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Water Specialist: Dwindling Supply Means Lifestyle Changes Ahead

Audio

Aired 4/19/09

One water specialist says the future water supply for our region doesn't look promising. That's because climate change models suggest that key supply sources will provide less water ten years from now. KPBS reporter Ed Joyce has more.

Research at the Scripps Institution of Oceanography shows the Colorado River system is on the verge of being unstable. Another key supply source for San Diego -- the Sacramento River Delta -- is also in trouble.

Mike Dettinger is a U.S. Geological Survey hydrologist based at Scripps. He says shifts toward an earlier spring and more rain than snow means we'll have to make changes in how we use water.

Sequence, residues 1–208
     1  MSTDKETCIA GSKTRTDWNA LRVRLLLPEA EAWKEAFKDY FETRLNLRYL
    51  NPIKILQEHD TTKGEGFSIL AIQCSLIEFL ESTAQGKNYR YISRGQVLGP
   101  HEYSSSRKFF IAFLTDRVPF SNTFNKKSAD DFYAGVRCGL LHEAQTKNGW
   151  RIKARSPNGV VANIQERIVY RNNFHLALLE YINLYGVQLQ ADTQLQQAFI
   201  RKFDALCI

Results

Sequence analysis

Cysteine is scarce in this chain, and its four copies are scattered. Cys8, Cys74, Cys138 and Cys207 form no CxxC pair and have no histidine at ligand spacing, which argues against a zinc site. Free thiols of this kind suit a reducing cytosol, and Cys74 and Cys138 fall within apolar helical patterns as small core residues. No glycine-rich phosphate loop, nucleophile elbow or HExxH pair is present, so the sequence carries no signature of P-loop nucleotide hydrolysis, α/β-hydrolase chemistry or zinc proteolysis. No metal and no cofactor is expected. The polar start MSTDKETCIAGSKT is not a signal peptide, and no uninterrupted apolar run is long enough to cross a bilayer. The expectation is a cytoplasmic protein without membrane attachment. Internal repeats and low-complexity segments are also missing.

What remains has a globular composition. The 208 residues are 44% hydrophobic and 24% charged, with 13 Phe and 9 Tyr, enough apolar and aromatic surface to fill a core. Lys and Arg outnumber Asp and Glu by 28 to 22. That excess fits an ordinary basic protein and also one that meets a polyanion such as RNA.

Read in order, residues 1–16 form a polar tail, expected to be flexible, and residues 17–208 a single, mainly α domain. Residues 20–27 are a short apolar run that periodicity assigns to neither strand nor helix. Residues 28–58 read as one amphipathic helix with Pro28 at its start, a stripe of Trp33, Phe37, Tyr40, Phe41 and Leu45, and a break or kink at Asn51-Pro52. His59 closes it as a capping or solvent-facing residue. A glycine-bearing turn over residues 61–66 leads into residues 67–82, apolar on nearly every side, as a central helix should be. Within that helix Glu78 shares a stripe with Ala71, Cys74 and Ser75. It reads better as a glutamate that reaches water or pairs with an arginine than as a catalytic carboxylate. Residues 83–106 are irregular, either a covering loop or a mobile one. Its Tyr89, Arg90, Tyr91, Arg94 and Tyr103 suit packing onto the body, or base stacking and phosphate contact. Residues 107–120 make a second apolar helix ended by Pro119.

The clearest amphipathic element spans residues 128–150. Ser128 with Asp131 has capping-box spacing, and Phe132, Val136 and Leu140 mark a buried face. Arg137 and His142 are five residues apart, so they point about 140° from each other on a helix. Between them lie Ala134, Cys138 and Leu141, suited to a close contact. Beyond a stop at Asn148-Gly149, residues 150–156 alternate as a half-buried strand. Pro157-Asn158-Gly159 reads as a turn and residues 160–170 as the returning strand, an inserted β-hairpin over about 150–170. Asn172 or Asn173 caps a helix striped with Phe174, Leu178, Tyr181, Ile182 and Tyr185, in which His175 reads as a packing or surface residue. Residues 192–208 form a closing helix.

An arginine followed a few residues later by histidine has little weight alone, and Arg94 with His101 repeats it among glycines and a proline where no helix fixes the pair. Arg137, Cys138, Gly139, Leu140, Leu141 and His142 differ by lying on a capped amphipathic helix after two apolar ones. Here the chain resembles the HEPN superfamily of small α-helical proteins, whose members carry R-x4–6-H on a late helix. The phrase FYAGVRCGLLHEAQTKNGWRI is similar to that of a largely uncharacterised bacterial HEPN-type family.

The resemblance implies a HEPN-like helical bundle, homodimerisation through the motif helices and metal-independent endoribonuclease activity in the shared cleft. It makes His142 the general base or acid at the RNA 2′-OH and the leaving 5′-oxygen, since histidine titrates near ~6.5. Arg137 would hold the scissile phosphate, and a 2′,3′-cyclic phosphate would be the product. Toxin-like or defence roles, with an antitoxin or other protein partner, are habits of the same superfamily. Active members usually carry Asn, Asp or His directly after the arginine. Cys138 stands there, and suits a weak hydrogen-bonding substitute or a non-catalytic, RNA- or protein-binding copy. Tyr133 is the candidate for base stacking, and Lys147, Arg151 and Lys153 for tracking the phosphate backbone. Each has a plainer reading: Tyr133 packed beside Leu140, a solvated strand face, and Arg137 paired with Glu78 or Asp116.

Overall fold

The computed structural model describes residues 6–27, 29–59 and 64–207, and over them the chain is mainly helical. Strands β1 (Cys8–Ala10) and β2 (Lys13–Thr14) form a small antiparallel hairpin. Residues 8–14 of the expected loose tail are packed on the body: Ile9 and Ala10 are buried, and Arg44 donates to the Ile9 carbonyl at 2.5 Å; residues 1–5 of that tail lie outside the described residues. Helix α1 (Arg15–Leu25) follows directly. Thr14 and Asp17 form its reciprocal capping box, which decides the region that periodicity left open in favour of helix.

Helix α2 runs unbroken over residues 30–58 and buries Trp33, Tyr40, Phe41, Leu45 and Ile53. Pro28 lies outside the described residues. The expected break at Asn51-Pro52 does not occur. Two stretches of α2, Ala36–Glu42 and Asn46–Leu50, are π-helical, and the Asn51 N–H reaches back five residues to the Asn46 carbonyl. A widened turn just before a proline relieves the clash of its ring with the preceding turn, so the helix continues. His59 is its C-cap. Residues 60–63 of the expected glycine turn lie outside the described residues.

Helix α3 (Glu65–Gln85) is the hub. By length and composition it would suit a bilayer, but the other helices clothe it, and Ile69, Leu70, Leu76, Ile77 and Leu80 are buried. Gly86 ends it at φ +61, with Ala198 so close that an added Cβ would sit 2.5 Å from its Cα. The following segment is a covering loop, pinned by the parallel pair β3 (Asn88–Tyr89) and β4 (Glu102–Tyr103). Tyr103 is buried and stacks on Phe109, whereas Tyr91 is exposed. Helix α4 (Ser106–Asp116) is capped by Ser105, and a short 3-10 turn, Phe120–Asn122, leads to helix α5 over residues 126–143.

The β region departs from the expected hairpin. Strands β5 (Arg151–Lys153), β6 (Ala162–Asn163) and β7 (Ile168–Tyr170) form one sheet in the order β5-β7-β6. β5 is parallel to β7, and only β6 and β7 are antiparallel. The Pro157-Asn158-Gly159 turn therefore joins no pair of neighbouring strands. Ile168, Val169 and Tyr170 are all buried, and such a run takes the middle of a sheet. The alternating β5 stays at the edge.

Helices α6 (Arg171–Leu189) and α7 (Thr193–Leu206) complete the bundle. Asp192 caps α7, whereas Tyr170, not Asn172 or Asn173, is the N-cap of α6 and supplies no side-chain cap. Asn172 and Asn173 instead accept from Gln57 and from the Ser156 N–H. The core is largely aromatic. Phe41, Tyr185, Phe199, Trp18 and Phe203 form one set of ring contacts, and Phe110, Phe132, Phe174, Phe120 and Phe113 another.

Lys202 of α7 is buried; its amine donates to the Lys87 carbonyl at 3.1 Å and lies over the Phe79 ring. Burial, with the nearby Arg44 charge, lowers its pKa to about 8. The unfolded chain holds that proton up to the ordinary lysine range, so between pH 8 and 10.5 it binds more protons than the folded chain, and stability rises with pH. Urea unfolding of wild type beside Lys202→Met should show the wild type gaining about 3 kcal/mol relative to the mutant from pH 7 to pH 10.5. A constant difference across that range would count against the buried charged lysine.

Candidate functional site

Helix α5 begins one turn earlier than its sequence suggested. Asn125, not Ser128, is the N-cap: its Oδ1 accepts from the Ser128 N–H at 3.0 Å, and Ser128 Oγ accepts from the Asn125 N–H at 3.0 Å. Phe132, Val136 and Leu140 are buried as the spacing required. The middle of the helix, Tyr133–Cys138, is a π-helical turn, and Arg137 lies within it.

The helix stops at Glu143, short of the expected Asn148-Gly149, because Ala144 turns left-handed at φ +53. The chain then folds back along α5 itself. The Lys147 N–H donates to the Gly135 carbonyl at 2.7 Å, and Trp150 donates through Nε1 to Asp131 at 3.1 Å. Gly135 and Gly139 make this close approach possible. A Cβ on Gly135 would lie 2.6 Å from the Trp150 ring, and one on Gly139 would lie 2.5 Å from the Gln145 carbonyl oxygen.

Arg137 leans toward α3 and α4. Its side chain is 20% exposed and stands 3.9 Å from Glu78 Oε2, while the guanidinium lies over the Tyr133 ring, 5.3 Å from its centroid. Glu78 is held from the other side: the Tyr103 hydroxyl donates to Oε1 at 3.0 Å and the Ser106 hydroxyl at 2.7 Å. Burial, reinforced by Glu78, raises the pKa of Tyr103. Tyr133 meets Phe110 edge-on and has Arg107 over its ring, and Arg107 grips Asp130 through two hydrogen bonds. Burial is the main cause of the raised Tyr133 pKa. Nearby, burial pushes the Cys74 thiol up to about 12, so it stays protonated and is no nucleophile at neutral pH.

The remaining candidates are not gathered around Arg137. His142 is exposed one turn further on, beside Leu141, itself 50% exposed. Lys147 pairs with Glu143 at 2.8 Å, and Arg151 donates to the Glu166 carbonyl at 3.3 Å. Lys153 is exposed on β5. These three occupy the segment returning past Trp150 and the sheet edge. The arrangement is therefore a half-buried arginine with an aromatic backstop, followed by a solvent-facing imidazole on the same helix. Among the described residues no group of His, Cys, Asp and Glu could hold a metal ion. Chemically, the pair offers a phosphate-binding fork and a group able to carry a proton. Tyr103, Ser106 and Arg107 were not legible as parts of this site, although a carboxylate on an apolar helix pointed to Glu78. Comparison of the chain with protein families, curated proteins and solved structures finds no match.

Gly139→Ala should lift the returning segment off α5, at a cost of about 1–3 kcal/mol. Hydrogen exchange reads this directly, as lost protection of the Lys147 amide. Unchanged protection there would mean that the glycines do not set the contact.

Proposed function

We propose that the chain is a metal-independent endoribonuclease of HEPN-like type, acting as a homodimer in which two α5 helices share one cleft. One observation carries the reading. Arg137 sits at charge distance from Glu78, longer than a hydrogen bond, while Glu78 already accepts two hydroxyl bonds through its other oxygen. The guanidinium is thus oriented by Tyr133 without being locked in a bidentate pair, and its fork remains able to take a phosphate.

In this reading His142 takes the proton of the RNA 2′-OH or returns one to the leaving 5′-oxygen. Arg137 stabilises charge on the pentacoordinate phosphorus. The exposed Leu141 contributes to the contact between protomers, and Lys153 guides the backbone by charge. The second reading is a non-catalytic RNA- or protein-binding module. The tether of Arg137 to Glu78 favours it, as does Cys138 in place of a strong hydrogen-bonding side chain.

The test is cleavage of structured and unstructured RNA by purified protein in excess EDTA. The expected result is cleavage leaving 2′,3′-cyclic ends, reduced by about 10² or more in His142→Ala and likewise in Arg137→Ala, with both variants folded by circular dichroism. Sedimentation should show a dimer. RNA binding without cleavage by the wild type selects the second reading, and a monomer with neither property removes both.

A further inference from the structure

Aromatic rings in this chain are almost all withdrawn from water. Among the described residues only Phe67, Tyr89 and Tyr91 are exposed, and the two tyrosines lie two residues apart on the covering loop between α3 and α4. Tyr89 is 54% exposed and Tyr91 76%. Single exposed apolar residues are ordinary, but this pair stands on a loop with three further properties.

Dettinger : These aren’t changes to get us through this year and hope that next year is wet. These are changes that we would have to dedicate ourselves to for the long haul.

Dettinger says building new reservoirs and fixing Delta levies takes time and the future is here now.

Dettinger : It takes 10, 15, 20 years to get structures into place to do those things so this is coming quickly.

He says conservation measures can help, but conservation alone won't add new water if climate change predictions become reality.

Ed Joyce, KPBS News.

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